All too soon, we had to return to our hotel in Frankfurt, where we dined with our friendly hosts. We bid them farewell with hugs and words of gratitude for their kind hospitality.
The next day it was off to the airport and a long flight home. The plane left as scheduled this time, and the flight went well. After gathering our luggage, we had a two-and-a-half-hour ride home, and just like that, our European adventure had ended.
Our last full day in Europe was supposed to be one of travel, enjoying a medieval town, and preparing for our flight home early the next day. It didn’t turn out that way.
The plan was to get our required Covid-19 tests before leaving Oberammergau. Unfortunately, a miscommunication occurred, and our 78-year-old tour guide had to scurry around and find testing for our group of 39. She found a mobile testing operation, but there was a problem. Since members of our group were scattered in three hotels, not all the hotels would allow the testers to enter. Fortunately, our hotel was not one of them.
Typical views of Bavarian countryside and a trucker with a sense of humor.
We paid our 40 euros, did the paperwork, got our tests, and waited for our results. In an hour, we learned we were good to go, but others on our tour had to wait and wait for their tests and results. We left close to lunchtime, which put us well behind schedule.
Our excellent bus driver expertly maneuvered us along country roads. We even encountered a closed road with no advanced warning. We had to go several kilometers out of the way on narrow country roads to reach the autobahn.
Sandra, our guide, kept her calm and used her travel wisdom to get us to a proper place for a much-needed lunch break. The highway cut through pristine farmland and along rail lines, biking, and hiking paths. Windmills topped ridge lines, and acres of solar panels occupied areas along the roadway.
We finally arrived at our only tourist objective for the day, Rothenburg, Germany. Rothenburg is the best-preserved medieval town in Europe. The photos show why.
Unfortunately, we ran late since we didn’t leave Oberammergau on time. Consequently, we only had an hour or so to survey the town, and even then, a thunderstorm sent us hustling back to the bus. We didn’t do Rothenburg justice. I could have spent days exploring the old walled city.
From there, it was on to our hotel near the Frankfurt Airport, where we were to depart the following day. As we all know, the best laid plans don’t always work out.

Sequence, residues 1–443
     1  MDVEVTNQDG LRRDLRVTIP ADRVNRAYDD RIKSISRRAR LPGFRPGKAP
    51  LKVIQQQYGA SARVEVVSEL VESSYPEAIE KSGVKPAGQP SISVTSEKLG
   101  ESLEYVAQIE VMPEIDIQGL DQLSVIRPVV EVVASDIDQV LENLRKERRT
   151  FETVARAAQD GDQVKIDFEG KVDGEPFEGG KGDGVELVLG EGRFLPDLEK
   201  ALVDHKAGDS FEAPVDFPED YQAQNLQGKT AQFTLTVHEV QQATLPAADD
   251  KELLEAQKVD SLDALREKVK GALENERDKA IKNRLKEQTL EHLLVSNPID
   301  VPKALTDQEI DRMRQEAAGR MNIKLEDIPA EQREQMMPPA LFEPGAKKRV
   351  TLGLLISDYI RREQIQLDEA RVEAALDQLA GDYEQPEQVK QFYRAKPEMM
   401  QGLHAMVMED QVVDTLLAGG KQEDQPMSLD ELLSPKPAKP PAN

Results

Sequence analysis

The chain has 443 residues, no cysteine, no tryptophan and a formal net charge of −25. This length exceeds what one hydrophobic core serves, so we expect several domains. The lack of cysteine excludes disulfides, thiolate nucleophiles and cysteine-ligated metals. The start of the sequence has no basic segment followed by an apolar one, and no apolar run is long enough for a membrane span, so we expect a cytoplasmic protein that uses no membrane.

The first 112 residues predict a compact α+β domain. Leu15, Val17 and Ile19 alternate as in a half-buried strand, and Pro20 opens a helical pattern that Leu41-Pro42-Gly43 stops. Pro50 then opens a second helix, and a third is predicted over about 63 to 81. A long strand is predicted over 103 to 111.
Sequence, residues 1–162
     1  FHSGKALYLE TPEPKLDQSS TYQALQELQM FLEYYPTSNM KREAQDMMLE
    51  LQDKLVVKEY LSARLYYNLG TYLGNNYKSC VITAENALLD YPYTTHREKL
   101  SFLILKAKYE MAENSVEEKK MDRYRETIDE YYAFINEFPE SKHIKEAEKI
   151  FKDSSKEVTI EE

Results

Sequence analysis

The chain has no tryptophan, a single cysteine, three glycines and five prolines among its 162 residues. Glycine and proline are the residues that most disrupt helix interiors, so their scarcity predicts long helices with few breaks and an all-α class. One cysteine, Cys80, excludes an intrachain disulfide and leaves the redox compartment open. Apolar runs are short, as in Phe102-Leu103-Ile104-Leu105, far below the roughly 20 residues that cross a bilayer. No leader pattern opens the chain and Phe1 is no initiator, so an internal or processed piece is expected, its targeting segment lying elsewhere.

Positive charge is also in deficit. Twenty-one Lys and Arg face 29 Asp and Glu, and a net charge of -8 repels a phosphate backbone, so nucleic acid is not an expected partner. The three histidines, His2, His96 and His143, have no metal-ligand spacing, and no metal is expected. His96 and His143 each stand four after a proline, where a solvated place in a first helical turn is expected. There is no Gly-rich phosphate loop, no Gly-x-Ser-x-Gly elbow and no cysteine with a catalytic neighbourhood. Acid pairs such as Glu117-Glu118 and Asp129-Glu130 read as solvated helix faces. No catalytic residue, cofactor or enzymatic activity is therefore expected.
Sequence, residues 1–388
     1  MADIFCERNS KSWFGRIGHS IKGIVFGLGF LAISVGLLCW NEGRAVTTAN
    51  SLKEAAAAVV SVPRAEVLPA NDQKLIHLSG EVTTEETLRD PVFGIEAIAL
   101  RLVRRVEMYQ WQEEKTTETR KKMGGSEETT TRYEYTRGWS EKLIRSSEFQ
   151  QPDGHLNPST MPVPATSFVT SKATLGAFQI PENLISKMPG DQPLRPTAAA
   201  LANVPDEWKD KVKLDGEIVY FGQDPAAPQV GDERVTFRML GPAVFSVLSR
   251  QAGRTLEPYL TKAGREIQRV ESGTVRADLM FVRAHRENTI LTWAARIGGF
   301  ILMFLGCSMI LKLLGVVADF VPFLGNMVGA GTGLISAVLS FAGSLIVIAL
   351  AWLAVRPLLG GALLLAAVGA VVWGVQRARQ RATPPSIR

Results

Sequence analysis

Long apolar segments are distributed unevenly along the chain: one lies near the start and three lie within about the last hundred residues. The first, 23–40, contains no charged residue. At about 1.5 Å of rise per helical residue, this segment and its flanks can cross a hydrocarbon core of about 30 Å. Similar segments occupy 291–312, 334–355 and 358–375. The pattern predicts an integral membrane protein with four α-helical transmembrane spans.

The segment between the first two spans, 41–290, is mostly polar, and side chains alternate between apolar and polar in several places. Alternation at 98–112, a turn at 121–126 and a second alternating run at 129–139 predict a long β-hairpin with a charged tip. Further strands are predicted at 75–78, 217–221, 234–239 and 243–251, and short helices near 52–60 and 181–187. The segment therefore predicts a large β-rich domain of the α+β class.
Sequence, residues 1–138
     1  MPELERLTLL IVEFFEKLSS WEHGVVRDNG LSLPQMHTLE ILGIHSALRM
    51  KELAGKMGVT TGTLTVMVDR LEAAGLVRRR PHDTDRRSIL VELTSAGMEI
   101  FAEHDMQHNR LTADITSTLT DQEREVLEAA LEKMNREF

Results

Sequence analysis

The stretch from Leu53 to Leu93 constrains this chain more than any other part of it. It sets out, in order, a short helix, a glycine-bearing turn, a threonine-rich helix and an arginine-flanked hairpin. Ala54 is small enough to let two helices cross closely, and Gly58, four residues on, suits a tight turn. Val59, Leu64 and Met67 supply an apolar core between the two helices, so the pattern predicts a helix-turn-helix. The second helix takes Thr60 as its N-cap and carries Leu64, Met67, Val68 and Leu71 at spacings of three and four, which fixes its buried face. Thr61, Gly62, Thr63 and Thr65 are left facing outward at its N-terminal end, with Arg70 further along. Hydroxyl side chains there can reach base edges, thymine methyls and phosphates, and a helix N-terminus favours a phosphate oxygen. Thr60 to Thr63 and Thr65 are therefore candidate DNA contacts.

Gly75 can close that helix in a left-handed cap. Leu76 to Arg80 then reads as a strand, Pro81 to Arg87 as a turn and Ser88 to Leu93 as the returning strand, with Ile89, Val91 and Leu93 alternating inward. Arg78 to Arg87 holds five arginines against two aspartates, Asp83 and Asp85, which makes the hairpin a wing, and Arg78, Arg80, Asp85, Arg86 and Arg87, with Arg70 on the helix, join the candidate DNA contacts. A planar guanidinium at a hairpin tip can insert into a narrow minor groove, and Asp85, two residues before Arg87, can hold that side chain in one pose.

After my Anabaptist cave experience, I figured it was downhill from there for the rest of the trip. Emotionally, that may have been true. A walking tour of Salzburg forced me to refocus.
Even on a cloudy day, the city was beautiful. It was Mozart’s birthplace, after all. Though he preferred the livelier Vienna, the old town still claims the master as its own. The city honors the famed composer in numerous ways.
Our tour began in the lovely Mirabell Gardens. Filled with flowers, statues, and fountains, I could have wandered there much longer than we did.
The gardens were only one of several locations in Salzburg where scenes from the famous 1965 movie “The Sound of Music” were filmed. From the gardens, we could see the abbey where Maria served and then left for the Von Trapp family.
We dodged service vehicles delivering foodstuffs and materials to local cafes, shops, and restaurants in the morning. They have to vacate the pedestrian streets by 11 a.m.
We crossed the Salt River and stopped to admire all of the love locks fastened to the wire mesh fence on the sides of the bridge. Lots of lovers had stood where we did.
We wound our way through picturesque narrow cobblestone alleyways with quaint shops, cafes, and bakeries tucked neatly away. One old baker even waved to us from his second-floor apartment above his business. We strolled by Mozart’s birthplace announced by its flashy golden letters and bright gold paint.
Our local guide had lots to show us in a short period, so we tried to keep pace with her. She finally turned us loose in the 16th-century Residence Plaza and the adjacent Mozart Plaza, where we could relax and watch horsedrawn carriages pass by. I tried to imagine myself back in Mozart’s time and contemplated the untold persons who also lingered here so long ago.